critical startup services

   http://www.thinkkentucky.com/kyedc/bguide01.asp
    Commercial Business Incubators

   Offer startup e-businesses access to the
    same services offered by nonprofit incubators
   Are primarily interested in high-technology
    businesses that can become financially viable
    quickly and leave the incubator within six
    months to a year

   www.idealab.com
    Incubators

   May take an equity interest as well as charge
    for services

   Not-for-profit incubators may use returns from
    equity to reinvest

   www.evansvilleincubator.org
    Internet Accelerators

   Some e-business incubators such as iStart
    Ventures and Katalyst style themselves as
    Internet accelerators.

   An Internet accelerator is a commercial
    business incubator whose goal is to get a
    new e-business up and running quickly.
Keiretsu Providers

   Keiretsu is a Japanese term that refers to a
    network of businesses that do business with
    each other as a means of mutual security.
   Incubators that use the keiretsu model offer
    entry into a network of companies that do
    business with one another with the goal of
    serving the overall interest of the network.
Questions to Ask and Answer

   Does the business incubator offer seed
    money or venture capital funds linked to the
    incubator?
   What specifically will the business incubator
    do to help your e-business?
   What is the business incubator’s track record
    with other e-business startups?
Questions to Ask and Answer

   How much will it cost your e-business—in
    cash and equity—to be incubated?
   How long is the incubation period?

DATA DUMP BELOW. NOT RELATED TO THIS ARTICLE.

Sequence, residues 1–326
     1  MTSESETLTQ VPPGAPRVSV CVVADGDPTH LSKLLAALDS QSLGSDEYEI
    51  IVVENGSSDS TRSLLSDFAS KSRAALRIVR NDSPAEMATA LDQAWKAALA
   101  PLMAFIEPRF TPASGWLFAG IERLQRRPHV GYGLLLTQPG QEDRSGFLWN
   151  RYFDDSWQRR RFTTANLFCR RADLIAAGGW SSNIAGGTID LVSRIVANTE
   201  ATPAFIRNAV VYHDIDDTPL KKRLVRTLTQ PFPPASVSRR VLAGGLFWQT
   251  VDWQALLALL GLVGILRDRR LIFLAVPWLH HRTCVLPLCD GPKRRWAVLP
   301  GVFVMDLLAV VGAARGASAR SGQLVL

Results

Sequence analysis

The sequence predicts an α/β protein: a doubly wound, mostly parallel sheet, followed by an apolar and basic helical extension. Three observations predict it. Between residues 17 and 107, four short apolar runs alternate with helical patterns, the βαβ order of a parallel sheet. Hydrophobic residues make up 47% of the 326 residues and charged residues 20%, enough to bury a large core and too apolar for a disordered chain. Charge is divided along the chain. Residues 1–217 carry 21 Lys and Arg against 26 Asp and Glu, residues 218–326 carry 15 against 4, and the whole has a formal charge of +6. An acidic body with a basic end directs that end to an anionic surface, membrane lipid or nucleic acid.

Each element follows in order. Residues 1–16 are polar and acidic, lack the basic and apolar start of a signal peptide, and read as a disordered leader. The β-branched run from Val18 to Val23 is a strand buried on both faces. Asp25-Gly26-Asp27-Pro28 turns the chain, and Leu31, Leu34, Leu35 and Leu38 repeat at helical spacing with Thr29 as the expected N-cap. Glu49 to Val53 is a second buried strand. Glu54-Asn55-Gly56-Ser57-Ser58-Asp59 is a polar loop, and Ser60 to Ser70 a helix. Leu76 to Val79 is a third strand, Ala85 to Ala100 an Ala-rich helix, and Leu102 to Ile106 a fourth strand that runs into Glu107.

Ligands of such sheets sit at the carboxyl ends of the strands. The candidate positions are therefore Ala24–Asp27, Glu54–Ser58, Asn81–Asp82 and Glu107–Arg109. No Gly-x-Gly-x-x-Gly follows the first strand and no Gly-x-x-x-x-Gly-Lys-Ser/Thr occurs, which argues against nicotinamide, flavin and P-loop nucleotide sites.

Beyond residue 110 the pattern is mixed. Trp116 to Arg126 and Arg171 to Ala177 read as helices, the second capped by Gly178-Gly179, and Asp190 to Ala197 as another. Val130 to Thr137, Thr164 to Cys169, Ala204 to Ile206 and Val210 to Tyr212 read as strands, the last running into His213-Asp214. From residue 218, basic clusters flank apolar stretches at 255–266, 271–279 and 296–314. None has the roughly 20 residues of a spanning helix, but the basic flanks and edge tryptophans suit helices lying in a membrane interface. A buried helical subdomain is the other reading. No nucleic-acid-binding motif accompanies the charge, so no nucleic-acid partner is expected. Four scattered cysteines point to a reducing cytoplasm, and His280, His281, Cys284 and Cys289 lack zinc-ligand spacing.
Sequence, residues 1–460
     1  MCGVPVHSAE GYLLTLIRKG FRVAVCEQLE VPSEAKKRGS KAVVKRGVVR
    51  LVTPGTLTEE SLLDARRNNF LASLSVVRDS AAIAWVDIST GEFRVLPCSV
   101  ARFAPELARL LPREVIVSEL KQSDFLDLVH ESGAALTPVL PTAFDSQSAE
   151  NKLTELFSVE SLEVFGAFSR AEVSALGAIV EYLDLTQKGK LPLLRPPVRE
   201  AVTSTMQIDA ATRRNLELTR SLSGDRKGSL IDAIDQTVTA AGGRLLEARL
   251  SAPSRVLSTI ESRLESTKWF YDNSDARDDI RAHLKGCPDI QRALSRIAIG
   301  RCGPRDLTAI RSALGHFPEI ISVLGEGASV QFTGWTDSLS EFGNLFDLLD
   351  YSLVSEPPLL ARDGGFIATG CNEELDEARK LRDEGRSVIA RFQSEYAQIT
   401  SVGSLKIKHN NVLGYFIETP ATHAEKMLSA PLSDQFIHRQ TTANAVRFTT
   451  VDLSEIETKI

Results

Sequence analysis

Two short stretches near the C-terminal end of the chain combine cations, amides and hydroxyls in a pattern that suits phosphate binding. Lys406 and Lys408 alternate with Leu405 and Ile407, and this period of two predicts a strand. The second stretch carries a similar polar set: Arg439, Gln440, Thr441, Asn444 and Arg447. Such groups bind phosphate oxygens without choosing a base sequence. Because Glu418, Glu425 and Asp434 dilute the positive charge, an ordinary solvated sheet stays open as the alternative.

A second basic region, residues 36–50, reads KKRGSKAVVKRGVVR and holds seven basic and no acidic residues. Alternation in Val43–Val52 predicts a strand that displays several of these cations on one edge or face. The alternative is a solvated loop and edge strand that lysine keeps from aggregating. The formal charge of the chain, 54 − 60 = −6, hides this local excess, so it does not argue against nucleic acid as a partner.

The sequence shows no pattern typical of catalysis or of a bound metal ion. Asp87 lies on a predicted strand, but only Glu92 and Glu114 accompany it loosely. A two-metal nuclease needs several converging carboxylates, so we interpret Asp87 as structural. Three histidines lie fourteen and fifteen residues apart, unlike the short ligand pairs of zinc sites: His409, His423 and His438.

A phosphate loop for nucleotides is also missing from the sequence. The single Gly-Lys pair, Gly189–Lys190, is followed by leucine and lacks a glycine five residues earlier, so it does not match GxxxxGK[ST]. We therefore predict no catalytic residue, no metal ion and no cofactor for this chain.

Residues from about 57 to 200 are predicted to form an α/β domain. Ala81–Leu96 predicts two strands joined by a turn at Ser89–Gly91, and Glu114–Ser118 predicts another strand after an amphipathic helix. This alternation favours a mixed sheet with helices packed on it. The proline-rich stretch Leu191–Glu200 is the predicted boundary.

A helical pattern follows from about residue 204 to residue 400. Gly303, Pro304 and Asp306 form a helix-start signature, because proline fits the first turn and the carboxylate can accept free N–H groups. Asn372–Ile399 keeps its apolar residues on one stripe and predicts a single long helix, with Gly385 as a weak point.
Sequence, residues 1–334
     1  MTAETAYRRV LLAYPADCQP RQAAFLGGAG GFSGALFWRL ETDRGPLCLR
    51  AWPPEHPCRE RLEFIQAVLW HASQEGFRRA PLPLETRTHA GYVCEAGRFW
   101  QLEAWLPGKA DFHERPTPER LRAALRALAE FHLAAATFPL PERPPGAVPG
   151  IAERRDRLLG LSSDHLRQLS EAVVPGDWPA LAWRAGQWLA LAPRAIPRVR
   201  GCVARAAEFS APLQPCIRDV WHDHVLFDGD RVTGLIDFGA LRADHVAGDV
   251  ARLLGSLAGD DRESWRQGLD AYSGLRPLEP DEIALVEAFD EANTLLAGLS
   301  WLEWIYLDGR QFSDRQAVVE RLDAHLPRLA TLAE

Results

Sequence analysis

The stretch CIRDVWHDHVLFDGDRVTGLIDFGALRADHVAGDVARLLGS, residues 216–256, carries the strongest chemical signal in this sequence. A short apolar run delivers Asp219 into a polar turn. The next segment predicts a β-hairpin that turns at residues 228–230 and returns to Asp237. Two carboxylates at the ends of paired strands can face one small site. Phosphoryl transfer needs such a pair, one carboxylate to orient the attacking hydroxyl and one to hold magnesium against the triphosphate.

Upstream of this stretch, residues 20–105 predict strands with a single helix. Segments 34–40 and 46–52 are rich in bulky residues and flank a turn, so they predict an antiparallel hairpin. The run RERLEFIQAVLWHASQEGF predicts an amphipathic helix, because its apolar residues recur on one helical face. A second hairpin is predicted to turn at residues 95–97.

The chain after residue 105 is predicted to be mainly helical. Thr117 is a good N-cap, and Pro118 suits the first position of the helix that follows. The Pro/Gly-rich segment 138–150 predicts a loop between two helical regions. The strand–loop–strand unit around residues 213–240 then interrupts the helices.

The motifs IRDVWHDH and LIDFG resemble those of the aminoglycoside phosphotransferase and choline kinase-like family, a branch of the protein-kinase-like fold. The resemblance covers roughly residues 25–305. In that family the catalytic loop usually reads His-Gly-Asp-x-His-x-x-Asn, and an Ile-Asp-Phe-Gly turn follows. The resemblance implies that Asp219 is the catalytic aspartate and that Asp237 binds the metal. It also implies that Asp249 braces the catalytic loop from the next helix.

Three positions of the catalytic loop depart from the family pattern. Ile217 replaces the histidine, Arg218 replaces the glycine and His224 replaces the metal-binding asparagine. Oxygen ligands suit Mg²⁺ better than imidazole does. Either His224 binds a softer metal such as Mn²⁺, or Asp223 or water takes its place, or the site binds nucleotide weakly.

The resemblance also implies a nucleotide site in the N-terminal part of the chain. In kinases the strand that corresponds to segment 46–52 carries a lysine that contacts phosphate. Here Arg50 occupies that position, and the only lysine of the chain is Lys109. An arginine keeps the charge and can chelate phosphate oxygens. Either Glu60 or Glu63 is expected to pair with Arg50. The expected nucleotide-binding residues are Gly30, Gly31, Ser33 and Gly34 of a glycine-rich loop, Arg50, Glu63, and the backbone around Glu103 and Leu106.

   How do you feel about the business
    incubator’s environment?
Self-Incubation
   Some e-business startups like the idea of
    sharing office space with other entrepreneurs,
    exchanging ideas with others going through
    the startup process, and taking advantage of
    a mutual network of advisors.
Pitching Your Idea
   The first meeting with angel investors or VCs
    is a ________ meeting.
   Your immediate objective in a first meeting is
    to get potential investors ________ about
    your e-business idea.

   Be brief
   Present a brief pitch document (short
    marketing document)
“Here’s the Pitch…”

   Define your product or service.
   Define who will buy your product or service
    and how much they will pay for it.
   Define your key industry competitors.
   Explain how much it will cost to provide the
    product or service.
“Here’s the Pitch…” (cont’d)

   Explain when the investors can expect your
    e-business to be profitable.
   Illustrate the planned exit strategies.
   Detail how much money you are looking for,
    and how it will be spent.
“Here’s the Pitch…” (cont’d)

   Potential investors will try to determine how
    well you understand your:
    –   E-business
    –   Target market
    –   Competitors
    –   Critical marketplace issues
   During your presentation, you should:
    –   Differentiate yourself
    –   Show a real commitment
    –   Create the feeling of viable, exciting opportunity
Term Sheet

   List of the major points of the proposed
    financing being offered by the investor, and
    is used to start negotiations for the
    investment deal
   Example:
    –   Invest $200,000 for 10% equity, then the investor
        values your e-business at $2 M
   May include other demands
   Have reviewed by a qualified attorney